“Be courteous to all, but intimate with few, and let those few be well tried before you give them your confidence.” Thus were the words of George Washington, this nation’s first and one of its greatest leaders. Do most people take those words truly to heart? Proverbs 12:26a states that “a righteous man is cautious in friendship.” But are people actually careful about whom they befriend? Some take on the attitude, “Oh! That’s the new rich guy in town. I should have him over for lunch sometime – who knows what good things he awards to those who invite him to dinner!” Doing so would be the opposite of what Luke 14:12 instructs us to do, and would form a friendship about which neither person is serious and committing. This shallow kind of friendship is not right, and it cannot endure. The only lasting, eternal friendship is that which has its roots based in Christ Jesus.
Another bond that does not last is one made by selfish individuals with earthly gain in mind. Proverbs 19:4 reads: Wealth brings many friends, but a poor man’s friends desert him. Too often in this society a rich man will look down on a less fortunate man, only because the former thinks that, since he has more material belongings, he is better than the latter. Similarly, Proverbs 14:20 states: The poor are shunned even by their neighbors, but the rich have many friends. If one is prosperous, he is thought of as a good person who strives for the American Dream – good social status, fame and fortune. People flock around him and feign friendships, looking forward to the benefits they may get. Whereas this century does not think highly of those people who, though deprived of earthly riches, maintain strong friendships with one another.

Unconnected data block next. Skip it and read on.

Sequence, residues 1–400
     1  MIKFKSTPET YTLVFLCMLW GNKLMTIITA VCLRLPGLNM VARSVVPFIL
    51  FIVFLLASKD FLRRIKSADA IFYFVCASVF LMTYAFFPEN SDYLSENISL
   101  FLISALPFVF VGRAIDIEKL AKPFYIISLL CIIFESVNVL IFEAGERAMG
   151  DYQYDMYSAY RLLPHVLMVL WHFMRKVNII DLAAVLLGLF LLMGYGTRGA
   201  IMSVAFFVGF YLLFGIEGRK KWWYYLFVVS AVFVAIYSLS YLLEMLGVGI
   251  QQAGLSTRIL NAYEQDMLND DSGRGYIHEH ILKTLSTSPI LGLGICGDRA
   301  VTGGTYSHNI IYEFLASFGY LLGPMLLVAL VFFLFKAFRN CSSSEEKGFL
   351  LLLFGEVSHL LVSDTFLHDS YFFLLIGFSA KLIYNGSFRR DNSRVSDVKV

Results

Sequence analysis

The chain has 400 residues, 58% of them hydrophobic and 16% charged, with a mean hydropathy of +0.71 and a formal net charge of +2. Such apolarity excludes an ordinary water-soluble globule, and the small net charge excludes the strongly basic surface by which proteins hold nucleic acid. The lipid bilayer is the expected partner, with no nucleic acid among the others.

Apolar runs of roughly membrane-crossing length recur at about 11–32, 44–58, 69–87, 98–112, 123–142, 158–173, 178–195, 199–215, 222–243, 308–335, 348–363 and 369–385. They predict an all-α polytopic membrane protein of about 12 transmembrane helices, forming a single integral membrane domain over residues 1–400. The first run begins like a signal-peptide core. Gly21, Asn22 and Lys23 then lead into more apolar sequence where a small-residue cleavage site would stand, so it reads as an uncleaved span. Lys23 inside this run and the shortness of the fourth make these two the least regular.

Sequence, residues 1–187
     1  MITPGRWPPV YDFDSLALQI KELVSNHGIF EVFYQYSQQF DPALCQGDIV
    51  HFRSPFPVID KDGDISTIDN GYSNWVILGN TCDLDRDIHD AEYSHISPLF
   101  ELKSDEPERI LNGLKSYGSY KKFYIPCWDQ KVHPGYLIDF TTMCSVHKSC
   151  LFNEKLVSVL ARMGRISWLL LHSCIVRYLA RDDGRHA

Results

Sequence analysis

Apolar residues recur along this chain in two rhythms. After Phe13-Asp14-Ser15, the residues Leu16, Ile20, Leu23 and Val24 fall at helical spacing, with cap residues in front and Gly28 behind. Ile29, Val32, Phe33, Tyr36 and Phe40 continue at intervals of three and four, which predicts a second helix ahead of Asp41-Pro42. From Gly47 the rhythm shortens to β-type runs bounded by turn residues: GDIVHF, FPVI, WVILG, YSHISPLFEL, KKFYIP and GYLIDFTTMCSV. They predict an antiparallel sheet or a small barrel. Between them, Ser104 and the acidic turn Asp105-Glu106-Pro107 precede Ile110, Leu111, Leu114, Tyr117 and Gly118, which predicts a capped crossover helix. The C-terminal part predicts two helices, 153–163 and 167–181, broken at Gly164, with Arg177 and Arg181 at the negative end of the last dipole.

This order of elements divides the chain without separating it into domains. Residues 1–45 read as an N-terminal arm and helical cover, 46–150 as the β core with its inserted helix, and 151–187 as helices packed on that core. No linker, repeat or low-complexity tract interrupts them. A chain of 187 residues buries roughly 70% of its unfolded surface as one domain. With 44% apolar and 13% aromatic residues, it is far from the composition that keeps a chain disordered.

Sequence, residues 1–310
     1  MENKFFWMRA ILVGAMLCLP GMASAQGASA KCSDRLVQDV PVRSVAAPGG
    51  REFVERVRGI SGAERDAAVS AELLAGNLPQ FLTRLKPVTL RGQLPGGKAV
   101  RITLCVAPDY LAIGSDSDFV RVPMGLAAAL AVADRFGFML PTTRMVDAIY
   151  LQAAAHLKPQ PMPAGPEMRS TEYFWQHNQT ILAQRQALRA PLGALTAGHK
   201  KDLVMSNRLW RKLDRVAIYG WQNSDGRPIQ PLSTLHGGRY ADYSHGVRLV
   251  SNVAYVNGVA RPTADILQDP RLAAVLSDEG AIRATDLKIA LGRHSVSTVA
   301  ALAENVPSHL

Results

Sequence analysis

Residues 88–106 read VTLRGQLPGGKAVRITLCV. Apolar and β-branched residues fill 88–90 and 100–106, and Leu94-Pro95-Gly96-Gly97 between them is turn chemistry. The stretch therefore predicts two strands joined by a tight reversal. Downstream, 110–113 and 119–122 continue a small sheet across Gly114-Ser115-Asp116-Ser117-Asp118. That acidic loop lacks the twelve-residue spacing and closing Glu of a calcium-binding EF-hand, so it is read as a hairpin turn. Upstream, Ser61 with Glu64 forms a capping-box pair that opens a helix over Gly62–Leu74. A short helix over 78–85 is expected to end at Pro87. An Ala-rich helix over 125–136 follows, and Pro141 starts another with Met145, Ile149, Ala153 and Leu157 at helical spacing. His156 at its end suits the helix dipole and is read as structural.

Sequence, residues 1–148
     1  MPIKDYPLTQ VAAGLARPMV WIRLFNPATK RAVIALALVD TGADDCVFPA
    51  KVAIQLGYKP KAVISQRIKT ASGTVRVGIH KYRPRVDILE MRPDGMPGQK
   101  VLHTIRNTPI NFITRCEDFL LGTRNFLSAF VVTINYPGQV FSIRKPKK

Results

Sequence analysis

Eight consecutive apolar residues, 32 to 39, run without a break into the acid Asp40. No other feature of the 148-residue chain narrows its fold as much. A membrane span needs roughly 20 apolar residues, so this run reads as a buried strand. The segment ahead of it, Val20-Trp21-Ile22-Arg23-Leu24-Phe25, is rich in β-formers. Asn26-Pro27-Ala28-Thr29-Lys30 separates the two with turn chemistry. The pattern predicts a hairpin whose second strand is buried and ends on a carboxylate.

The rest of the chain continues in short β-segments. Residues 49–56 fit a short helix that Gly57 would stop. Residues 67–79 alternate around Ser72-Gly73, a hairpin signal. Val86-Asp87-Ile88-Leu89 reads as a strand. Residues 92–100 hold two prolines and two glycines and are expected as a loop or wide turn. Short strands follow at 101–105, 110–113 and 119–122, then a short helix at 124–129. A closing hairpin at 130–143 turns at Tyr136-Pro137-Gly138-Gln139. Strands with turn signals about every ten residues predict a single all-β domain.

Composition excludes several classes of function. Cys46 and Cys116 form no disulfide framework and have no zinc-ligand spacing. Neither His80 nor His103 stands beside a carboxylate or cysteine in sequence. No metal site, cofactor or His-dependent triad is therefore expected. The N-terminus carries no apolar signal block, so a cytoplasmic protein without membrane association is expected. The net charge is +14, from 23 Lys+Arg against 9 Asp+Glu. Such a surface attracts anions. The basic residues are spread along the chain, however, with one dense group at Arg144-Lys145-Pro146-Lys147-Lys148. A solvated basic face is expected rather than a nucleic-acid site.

Wounds from a friend can be trusted, but an enemy multiplies kisses, proclaims Proverbs 27:6. Do not be misled: “Bad company corrupts good character,” shouts 1 Corinthians 15:33. These verses are better definitions for the word “friendship” than any Webster’s Dictionary could be. True friendship is rooted deeply in Christ; true friendship is laying down one’s life to save another; true friendship never lies or cheats or steals for gain of any kind. True friendship requires love, and Christ presented to us the very meaning of love by dying for us. The Bible story of Jonathan and David is another representation of true friendship, as well as perfect love. Jonathan realized that God intended to make David king over all Israel and, in so doing, depose Jonathan’s father King Saul. Instead of working against God and trying, as his father was, to kill David, Jonathan swore eternal friendship to David, and both stayed true to the oaths they took that bound them to one another. The only thing to be concluded is that any relationship or friendship not rooted in Christ has no firm foundation or meaning.